Your food budget is one of the most costly expenses. Luckily, it's also the most flexible! Cooking meals at home instead of eating out can add up to substantial savings. This is an immediate savings. Then, using smart grocery shopping skills, you can save even more by reducing the cost of groceries. This is an area where I find most people are spending two to three times as much as they need to. This doesn't mean you have to spend hours clipping and sorting coupons. Many savvy grocery shoppers never use coupons or use them only when they know they will be purchasing a particular item. Discovering the goldmine in your kitchen involves some initial research and record keeping. Like anything other talent, practice makes perfect. You'll get better and better at saving on groceries until it becomes second nature. I'll warn you, this area of saving money can become addictive. The savings are so substantial that you'll find yourself wanting to save more and more. While other budget expenses are dictated by outside sources (electric, phone, cable, etc.), this is one of the few expenses that we can have total control over and I guess that's what makes it fun!
5. Review and analyze monthly bills.
Eliminate spending on unnecessary services and reduce costs on necessary services. Study your bills. Don't know what a charge is for? Ask! Many of us pay for services we don't use or pay too much for those we find necessary. This is a common occurrence with phone bills and cable TV. Do you really need every movie channel known to mankind? Choose the best one and lose the rest. Is it essential to have every new phone feature that comes along? You'll probably find that you can live without a lot of frills just as easily as you do with them. After all, what did you do before they existed? Do your research and compare services and pricing. Don't be afraid to approach your current service companies with questions. Ask for advice on reducing the costs on their service. Make it known to them that you "need" to reduce expenses. They will be more than willing to help you rather than loose you as a customer.
6. Your clothing expenses will surely take a huge bite out of your budget pie if you're not careful.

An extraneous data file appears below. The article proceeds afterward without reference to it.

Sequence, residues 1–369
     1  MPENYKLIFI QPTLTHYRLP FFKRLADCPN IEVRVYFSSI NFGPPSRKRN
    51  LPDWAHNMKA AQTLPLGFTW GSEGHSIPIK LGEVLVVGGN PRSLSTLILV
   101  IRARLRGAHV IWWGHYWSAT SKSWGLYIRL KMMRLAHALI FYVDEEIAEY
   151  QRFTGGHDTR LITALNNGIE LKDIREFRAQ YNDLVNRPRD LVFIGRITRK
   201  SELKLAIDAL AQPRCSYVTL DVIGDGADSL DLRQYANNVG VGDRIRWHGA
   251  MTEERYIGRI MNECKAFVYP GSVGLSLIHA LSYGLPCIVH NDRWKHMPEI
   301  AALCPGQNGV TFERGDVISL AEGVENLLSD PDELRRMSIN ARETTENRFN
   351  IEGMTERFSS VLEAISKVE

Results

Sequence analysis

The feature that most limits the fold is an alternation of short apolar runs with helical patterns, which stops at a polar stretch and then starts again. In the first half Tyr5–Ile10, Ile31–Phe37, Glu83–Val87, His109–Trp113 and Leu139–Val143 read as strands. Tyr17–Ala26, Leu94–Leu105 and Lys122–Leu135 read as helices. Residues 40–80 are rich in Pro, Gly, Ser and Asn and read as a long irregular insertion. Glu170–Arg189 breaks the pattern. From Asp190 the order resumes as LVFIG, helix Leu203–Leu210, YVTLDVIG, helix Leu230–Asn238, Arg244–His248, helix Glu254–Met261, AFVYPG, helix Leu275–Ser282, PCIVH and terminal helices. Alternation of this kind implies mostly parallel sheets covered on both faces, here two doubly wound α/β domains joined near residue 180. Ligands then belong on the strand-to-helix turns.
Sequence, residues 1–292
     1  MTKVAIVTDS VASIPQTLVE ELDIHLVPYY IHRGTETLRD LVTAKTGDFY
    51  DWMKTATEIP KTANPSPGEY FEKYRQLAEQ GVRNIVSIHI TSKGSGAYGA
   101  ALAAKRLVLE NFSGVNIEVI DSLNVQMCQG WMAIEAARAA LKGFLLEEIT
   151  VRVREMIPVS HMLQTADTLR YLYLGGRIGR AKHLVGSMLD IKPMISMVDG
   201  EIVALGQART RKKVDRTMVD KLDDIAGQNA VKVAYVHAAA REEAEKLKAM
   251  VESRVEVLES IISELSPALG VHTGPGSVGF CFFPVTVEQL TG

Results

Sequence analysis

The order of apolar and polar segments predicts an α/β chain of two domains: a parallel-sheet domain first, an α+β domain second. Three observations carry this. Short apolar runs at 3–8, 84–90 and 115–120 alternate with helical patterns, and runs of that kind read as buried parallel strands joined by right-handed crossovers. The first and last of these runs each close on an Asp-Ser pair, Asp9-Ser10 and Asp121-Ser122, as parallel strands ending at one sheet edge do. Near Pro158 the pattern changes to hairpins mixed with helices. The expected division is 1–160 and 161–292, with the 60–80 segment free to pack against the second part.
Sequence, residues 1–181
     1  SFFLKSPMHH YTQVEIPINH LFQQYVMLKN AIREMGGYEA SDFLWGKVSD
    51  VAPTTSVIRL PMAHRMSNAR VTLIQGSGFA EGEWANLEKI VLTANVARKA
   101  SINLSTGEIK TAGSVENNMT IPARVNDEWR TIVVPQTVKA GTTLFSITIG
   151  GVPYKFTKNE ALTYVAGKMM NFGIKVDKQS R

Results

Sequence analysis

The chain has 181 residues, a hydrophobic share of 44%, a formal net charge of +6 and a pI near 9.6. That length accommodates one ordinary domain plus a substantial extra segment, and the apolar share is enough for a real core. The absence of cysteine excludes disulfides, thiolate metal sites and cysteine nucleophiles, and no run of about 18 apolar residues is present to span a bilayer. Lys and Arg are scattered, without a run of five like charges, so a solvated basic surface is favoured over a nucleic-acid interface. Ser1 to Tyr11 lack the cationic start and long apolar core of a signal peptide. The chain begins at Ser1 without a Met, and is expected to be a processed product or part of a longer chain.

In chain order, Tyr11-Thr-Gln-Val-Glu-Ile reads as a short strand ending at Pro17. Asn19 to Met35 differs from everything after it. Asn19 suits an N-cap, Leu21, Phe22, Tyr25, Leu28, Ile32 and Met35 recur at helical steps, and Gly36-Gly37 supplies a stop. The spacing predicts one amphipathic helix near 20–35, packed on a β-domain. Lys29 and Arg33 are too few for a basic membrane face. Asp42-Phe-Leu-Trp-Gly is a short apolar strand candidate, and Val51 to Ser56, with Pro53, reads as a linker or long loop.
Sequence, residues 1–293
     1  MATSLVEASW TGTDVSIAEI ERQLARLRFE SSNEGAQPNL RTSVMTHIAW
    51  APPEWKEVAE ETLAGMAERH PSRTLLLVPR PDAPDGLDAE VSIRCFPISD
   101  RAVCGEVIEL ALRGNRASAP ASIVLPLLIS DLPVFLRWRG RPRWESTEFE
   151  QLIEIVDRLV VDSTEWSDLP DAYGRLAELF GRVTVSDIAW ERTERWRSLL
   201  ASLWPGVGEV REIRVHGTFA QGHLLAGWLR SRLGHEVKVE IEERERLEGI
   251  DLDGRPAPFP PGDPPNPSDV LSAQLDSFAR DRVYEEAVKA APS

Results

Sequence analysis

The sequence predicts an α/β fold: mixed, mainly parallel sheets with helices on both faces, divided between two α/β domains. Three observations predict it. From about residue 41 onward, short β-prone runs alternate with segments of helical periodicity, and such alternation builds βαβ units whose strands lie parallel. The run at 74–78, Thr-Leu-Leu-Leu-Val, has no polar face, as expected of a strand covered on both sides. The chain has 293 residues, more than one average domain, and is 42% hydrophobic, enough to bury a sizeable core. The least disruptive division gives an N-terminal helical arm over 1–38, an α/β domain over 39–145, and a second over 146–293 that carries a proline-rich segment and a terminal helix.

Most people have more clothing they need to begin with. In this instance, you can not only save money, but earn money in the budget area. Sell off what you don't need or don't wear at yard sales or consignment shops. Many shop for psychological reasons, not necessity. Even if they have no intention of buying, even the best intentions can be sabotaged by shrewd marketing tactics. If you have children this is an even more expensive area of the budget. The best advice is to be a wise shopper. A little planning ahead and you'll never have to buy anything at full price. Throughout the year, stores offer clearance and closeout sales. Take advantage of them. Children present specific challenges. It seems they've grown out the clothes before you can get home and hang them up! Well, that might be an exaggeration, but I'm not far from reality here. If they don't outgrow it, it's out of fashion before it can be worn a few times. It is because of this very dilemma that thrift stores and yard sales make such good shopping centers for children's clothing. Many times, brand new clothing with store tags intact find their way onto the racks and shelves of thrift stores and into our front yard sales. Even those that have been used are usually "gently" worn. It's a great way to save money, recycle valuable resources, and many times donate to those in need (many thrift stores are owned by or support charitable organizations).